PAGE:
Scott: In some ways, I think digital photography is still in its infancy. Today’s digital cameras remind me a bit of those early synthesizers and drum machines people were using in the 1980s. They were crude compared to the digital tools musicians are using today. And they didn’t sound as good as we liked to think back then.
How did you make the transition from film to digital?
Scott: Like many people, I became infatuated with Photoshop in the early days. I thought it was so amazing that you could process an image using a computer. You could fix, change and rearrange the elements of a composition. I would tinker with the contrast and color balance of my images without realizing how bad the final results were. Today I look at some of my images from that period and just cringe. But it was a learning phase I think many of us had to go through.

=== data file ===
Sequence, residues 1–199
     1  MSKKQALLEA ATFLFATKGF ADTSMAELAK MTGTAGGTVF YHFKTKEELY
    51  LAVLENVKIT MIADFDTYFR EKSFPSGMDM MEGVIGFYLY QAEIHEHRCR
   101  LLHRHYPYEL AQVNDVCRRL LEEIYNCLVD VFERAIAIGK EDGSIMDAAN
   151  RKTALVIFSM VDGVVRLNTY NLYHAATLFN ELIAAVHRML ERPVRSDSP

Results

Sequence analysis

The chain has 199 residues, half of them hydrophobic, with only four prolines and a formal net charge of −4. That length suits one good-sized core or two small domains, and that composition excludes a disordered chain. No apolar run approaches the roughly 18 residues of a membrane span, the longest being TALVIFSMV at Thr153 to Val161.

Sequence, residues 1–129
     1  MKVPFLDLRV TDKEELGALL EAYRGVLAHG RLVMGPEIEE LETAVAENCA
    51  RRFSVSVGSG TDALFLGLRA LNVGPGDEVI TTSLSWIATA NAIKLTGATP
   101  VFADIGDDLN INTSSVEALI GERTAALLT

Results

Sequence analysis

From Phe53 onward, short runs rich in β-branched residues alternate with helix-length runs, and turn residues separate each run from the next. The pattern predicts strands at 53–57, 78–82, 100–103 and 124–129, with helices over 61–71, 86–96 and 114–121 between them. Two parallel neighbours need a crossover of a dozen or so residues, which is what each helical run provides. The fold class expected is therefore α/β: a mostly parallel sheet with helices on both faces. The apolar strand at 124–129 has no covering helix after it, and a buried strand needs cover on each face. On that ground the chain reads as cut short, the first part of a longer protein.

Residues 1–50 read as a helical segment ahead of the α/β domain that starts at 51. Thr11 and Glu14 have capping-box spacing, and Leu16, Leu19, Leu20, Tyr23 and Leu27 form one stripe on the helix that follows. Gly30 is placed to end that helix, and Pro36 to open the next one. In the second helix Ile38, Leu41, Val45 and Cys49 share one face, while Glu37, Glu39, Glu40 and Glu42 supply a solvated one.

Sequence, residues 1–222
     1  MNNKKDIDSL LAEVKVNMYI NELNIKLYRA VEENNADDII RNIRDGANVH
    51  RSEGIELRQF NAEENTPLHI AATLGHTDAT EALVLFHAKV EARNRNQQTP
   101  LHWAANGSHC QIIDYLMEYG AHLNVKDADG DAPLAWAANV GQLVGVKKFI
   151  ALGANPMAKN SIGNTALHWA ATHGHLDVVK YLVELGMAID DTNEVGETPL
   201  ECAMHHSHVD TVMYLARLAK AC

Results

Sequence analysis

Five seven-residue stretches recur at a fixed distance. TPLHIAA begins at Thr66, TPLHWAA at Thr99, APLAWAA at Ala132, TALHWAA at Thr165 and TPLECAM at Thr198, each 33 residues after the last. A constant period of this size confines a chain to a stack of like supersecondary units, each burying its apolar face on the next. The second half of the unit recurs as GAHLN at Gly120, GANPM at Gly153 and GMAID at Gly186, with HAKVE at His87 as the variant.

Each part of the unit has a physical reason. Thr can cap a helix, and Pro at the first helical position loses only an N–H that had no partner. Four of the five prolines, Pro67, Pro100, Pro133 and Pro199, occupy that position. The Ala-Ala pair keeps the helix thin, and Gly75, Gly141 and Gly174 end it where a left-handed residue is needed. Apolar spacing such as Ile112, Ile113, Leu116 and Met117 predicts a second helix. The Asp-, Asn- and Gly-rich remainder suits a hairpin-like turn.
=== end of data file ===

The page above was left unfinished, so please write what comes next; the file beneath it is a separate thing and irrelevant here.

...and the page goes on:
I still process my photos, but I have a much lighter touch these days. I try to get it right in camera and do as little post-processing as possible. I’ve found that as my technique has improved I’ve become much less dependent on Photoshop. I’ve also found that I enjoy being out in the field more than I like sitting in front of the computer, so that has helped me grow as a photographer.
I was watching an interview with Burning Man artist, Laura Kimpton where she said, “Neuroses lie in words, not in visual images.” I can sort of see her point.
Scott: That’s an interesting point. Laura Kimpton is a wonderful artist. Her installations make creative use of words like “Love” and “Ego.” I agree that images are a more powerful form of communication and as a journalist it’s something I think about a lot. There are some stories that just don’t lend themselves to a 2,000-word feature in a newspaper or magazine.